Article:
This product has a higher shrinkability, but is good for coating sheet materials, coating the interior of cans for foodstuffs, etc. and various solution applications. In these applications, shrinkage is not a factor because the polymer is cured on the surface of the metal. It is important that there be a high percentage of double bonds in the polymer to give a tight cure.

2. On the other hand, if the polymerization is carried out at 200 to 300 F., and the mixture of such monomers is fed to this reactor at a rate of 0.5 to 10 pounds per hour for a period of about 90 minutes to 2 hours, with a total residence time of 12 hours, the copolymer product contains 10 to 50 or more percent of cyclized polymer, which has a vinyl content of about 70 to 50 percent and a molecular weight of 500 to 12,000. These polymers, with a cyclized polymer content of up to 50% or more and a molecular weight of at least about 500 when cured in a mold with a peroxide curing agent have a shrinkage of no more than 5% and preferably in the range of 1 to 2% so that the configuration of the surface of the molded product is almost an exact complement of the inner surface of the mold.

The molecular weight of polymer as produced by the process of this invention may be as little as 500 or it may be several thousand or greater, up to about 12,000. The polymers have a dilute solution viscosity as low as 0.1.

In the drawings:

FIGS. 1 to 3 are curves discussed following the portion of the disclosure pertaining to Examples 14-16; and

FIGS. 4 and 5 are an elevation and section through a steel or aluminum can coated interiorly with a coating of polymer produced by solution in a hydrocarbon or by hot melt, etc., 5 representing the metal and 6 the interior coating.

The polymer vulcanizates, particularly those of a high content of cyclized polymer, produced by a peroxide cure formulation may be used where other resins are commonly used, as, for example, in sheet material containing embedded electrical circuitry and cured to form immovable parts, and for coatings, moldings, hose, mechanical goods, etc.; and an advantage in their use is that the cured products of higher content of cyclized polymer do not shrink to any appreciable extent when cured in a mold and during subsequent cooling. The peroxidecured polymers of low cyclized-polymer content are useful for coating metals.

PRIOR ART

Non-anticipating prior art includes Langer patents: 3,451,988, 3,536,679 and 3,450,795 which describe polymerizing with alkyllithium catalysts and tetraalkylalkylenediamine. None suggests polymerizing under starved monomer conditions or suggests that any cyclization occurs during the polymerization or describes properties of the polymers produced which are characteristic of a cyclized polymer.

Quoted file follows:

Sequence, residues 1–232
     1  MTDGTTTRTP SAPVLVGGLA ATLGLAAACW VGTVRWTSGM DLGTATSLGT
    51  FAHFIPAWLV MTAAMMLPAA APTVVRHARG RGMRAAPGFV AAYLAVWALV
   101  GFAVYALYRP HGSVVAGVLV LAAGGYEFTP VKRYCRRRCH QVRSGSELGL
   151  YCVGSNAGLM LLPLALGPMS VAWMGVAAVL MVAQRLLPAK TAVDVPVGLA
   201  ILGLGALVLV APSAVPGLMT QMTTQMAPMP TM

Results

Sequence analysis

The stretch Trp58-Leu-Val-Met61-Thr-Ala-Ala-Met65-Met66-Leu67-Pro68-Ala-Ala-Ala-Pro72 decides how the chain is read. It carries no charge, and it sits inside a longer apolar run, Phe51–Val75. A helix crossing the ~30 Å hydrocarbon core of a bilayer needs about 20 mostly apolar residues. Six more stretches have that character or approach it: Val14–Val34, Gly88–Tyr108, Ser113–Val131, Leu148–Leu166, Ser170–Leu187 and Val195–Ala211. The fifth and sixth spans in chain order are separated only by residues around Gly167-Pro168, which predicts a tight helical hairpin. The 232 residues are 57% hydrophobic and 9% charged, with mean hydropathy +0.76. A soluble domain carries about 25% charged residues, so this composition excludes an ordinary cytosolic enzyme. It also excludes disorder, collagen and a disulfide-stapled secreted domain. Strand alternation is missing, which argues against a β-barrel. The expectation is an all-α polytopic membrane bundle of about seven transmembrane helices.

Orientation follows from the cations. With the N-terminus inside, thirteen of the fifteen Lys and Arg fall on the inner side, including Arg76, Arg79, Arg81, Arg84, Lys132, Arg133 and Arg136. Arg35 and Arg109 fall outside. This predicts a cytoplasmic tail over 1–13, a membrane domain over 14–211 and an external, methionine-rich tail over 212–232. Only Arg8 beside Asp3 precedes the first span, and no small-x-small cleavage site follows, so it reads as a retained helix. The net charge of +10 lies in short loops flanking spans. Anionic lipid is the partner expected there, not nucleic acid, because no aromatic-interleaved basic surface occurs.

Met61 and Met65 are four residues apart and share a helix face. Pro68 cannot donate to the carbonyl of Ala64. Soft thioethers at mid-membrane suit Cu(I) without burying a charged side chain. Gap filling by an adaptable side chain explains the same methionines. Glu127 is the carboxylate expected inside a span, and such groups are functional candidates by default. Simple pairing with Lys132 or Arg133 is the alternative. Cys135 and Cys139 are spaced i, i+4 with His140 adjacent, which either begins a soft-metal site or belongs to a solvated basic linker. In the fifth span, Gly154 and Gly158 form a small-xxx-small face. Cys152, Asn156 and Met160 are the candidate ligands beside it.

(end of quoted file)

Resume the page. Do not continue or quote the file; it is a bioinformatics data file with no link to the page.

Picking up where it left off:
German Offenlegungsschrift 2,063,643 of Lithium Corporation of America refers in Example No. 7 to polymerization of butadiene and the product of a polymer of low cis-content and containing 8.6 percent of cyclic polymer. The microstructure is very different from that of polybutadiene made by the process of this invention, and it is surprising that lithium-, sodium- and potassium-terminated polymers can be cyclized as disclosed herein.

Attention is also directed to McElroy et al. 3,678,121 which describes the production of cyclized polymer containing isotectic units containing aromatics. The polymers are produced in the presence of an aromatic compound such as toluene and contain one or more benzene rings per polymer chain.

The use of chelating diamines is known in the art, as in Langer 3,536,679 in which the diamine is used with a lithiated amine under conditions different from those of the applicant, and Langer 3,705,200 in which the diamine is used with an organo-sodium catalyst but under conditions very different from those disclosed here. Neither patent suggests using a polymerization bath having a starved monomer system such as is required to produce cyclization. The monomer-starved system used by applicant may comprise only lithium, sodium or potassium or a catalyzing derivative thereof, such as, for example, lithium sodium or potassium alkane or alkene which comprises 1 to 10 or 20 or more carbon atoms, lithium, sodium or potassium phenyl, tolyl, naphthyl, etc. and other derivatives known to be polymerization catalysts. This will produce perhaps 10 to 15% cyclization. Using a chelating diamine with the foregoing, the cyclization will run higher, perhaps in the range of 20 to 35 percent. If the catalyst includes also an alkoxide of an alkali metal different from the alkali metal just mentioned, the cyclization will run higher up to 50 or 60 or more percent.

THE INVENTION

The usual amounts of polymerization catalyst and any activator employed will be used; and usually about 50 to 100 millimoles of catalyst will be used per 100 grams of linear conjugated diene in the polymerization bath. Naturally, there is no shrinkage in liquid products, but only in solid products when cured; and solid products may comprise a liquid polymer mixed with other components to provide a moldable composition.